Maiden Voyage

Cynthia Bass, Author
Cynthia Bass, Author Villard Books $23 (0p) ISBN 978-0-679-43034-6
Reviewed on: 03/04/1996
Release date: 03/01/1996
Paperback - 240 pages - 978-0-553-37889-4
Mass Market Paperbound - 304 pages - 978-0-553-58063-1
Hardcover - 978-0-517-32644-2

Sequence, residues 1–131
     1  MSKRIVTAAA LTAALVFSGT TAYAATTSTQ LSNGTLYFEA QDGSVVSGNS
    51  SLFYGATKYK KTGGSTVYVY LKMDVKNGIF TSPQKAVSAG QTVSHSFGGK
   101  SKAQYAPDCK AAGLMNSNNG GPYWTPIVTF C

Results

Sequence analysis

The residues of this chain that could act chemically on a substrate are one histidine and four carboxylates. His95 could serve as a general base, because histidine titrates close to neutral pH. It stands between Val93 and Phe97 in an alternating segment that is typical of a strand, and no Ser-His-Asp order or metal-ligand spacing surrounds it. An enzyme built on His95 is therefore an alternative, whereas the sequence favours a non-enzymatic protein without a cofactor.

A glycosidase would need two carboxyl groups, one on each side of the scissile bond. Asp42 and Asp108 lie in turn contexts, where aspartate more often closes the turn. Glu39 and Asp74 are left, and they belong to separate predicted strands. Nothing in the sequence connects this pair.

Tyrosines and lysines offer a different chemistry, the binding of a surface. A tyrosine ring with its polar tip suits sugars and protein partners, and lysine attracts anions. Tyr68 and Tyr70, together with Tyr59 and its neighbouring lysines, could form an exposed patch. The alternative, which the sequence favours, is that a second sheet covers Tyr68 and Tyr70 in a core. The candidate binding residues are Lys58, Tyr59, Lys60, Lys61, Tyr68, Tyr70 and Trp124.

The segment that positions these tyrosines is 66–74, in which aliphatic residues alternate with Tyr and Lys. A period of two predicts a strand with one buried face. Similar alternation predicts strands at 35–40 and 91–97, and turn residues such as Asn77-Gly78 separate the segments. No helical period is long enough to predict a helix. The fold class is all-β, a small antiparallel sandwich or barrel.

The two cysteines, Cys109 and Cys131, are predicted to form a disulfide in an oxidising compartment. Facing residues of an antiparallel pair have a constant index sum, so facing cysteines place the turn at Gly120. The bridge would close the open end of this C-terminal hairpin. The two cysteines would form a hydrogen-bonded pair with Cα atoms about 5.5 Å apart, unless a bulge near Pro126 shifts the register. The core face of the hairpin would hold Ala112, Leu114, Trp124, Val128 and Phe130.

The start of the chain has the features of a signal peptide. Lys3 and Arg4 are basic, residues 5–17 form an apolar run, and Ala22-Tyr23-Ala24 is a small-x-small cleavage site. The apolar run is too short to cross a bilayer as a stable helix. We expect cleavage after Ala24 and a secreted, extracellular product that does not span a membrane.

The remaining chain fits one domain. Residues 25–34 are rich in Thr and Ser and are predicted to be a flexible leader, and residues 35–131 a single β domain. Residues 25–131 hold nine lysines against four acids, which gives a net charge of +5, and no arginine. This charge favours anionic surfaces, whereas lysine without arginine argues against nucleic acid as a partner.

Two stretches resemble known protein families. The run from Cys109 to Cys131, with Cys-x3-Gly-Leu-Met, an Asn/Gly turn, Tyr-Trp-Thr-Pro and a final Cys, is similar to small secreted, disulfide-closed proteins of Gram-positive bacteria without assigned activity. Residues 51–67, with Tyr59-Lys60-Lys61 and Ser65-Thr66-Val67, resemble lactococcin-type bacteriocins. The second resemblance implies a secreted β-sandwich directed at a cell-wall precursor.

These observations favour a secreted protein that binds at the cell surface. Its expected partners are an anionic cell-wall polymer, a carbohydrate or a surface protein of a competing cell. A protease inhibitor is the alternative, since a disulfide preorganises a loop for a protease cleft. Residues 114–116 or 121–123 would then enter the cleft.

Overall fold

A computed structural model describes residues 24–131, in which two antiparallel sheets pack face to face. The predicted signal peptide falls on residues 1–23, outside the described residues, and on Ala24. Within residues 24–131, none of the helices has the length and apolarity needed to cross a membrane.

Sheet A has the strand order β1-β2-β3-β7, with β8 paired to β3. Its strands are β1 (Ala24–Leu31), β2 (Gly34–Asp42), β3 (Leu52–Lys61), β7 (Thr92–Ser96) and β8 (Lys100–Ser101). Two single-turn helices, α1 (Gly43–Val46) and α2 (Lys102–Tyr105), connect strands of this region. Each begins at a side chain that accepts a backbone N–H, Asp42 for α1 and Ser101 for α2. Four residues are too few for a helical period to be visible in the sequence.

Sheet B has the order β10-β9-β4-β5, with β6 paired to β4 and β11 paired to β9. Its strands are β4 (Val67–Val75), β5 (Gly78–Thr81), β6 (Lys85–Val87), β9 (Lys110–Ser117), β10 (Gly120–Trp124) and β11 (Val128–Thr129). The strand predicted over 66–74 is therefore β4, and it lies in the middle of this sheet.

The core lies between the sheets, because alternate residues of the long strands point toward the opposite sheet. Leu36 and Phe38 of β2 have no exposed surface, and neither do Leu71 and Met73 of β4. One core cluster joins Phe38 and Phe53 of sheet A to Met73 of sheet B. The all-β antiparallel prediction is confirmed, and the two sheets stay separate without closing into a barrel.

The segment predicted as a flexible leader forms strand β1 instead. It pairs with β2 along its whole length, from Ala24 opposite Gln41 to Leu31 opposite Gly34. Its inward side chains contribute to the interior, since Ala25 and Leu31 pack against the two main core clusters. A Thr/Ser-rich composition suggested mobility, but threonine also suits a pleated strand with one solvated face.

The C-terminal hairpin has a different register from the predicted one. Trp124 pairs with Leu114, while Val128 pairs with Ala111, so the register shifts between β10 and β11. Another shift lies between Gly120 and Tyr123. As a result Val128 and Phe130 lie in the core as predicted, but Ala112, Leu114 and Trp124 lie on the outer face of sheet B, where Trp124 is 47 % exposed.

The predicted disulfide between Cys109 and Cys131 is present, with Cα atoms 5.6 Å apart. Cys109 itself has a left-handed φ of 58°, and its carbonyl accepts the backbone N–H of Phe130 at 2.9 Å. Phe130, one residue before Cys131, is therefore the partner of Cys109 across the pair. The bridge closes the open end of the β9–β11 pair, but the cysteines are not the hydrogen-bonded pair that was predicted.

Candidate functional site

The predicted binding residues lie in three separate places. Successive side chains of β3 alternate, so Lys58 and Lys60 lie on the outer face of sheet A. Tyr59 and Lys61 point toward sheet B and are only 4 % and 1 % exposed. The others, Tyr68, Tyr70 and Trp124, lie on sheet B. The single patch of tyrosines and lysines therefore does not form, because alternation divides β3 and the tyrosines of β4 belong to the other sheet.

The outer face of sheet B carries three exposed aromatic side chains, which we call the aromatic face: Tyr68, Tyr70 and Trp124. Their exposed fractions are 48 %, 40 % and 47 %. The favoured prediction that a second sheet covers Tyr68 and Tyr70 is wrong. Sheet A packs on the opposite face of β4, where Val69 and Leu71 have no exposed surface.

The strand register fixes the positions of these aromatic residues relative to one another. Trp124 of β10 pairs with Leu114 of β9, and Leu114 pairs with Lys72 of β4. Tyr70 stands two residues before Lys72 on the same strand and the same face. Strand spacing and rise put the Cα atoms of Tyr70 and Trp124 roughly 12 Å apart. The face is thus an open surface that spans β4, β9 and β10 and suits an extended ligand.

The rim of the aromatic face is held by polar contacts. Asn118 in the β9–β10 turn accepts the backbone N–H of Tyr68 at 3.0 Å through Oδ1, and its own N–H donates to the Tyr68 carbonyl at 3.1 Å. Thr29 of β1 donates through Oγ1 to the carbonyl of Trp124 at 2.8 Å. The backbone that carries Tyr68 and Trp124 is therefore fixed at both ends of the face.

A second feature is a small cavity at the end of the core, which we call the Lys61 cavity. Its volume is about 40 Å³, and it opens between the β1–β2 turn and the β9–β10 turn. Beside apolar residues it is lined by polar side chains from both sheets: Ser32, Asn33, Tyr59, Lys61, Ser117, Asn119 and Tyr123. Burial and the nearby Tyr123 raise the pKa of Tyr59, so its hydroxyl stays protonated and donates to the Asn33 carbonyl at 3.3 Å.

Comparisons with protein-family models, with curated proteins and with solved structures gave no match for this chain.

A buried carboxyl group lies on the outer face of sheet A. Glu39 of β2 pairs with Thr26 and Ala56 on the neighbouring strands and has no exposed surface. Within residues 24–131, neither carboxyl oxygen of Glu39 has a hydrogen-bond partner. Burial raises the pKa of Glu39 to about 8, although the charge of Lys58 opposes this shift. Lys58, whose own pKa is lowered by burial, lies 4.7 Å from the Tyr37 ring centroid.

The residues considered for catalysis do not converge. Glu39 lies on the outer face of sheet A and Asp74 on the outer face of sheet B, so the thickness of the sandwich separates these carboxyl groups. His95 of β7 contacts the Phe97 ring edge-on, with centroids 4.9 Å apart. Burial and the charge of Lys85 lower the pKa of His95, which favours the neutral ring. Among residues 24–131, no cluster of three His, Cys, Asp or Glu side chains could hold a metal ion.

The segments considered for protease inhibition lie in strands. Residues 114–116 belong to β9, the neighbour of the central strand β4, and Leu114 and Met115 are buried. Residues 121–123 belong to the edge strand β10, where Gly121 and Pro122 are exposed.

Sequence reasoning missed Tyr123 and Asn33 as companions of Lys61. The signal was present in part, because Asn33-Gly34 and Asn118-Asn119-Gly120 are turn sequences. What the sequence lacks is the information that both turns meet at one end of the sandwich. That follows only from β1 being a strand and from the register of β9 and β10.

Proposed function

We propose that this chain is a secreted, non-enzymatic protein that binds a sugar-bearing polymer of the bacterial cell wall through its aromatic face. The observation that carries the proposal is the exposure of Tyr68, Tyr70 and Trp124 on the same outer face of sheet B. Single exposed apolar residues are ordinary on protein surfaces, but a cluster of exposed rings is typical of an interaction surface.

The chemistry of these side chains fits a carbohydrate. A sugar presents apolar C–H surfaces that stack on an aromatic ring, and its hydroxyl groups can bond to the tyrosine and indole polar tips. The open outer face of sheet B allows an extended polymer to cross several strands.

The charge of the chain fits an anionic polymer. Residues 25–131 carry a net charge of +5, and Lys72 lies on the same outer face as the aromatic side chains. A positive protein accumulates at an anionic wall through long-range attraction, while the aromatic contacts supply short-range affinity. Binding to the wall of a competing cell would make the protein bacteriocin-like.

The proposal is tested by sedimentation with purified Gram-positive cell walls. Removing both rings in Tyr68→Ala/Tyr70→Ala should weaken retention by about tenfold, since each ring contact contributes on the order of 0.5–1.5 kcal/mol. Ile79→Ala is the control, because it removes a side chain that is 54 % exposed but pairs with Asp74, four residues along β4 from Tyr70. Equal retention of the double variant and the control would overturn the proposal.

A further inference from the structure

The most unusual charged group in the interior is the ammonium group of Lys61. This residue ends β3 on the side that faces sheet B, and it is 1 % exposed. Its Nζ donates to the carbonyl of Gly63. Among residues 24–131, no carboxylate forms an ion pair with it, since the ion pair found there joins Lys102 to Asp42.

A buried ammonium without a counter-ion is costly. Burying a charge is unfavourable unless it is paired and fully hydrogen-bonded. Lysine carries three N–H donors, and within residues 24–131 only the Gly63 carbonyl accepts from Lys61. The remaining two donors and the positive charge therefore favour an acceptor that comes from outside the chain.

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We've crossed these waters so often, knowing the story so well-the separations of husband from wife, the third-class passengers doomed from the start-that it hardly seems possible to find a new spin on the tale of the Titanic. But Bass (Sherman's March) achieves a measure of success by tying the story of the sinking ship to the end of an era-dramatized by the suffragist movement. In April of 1912, Sumner Jordan, a privileged 12-year-old Bostonian, finds himself safely aboard the Titanic, finally ready to set sail. Sumner's boredom lifts aboard ship when he discovers the presence of 21-year-old feminist Ivy Earnshaw (on whom he develops a crush). Two thirds of the book pass before the berg is struck and the reader, completely caught up in the tale, remembers that this ship has to sink. But that's when things really start to crackle. Biology is destiny here, expressed in the chivalric maritime call for ""women and children first,"" and Sumner picks a rather inopportune moment to contemplate whether or not it's time to become a man. The lifeboat scenes are top-notch, as is the depicted aftermath of survivors' guilt. Back home, anti-suffragists exploit the disaster to ask if women are willing to sacrifice chivalry for the vote. Bass expertly conveys the peculiarly self-conscious isolation of a child possessed of an adult intelligence; as Sumner grapples with issues of heroism and justice in the face of trauma, she gracefully blends the coming-of-age tale of one boy with that of an entire society. (Apr.)
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